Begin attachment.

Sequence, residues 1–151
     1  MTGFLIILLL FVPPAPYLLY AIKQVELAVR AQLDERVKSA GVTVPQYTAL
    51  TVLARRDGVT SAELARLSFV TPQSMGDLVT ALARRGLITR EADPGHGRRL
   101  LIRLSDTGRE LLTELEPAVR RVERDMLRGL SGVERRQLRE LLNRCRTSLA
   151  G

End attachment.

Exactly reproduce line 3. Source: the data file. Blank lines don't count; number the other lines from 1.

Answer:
    51  TVLARRDGVT SAELARLSFV TPQSMGDLVT ALARRGLITR EADPGHGRRL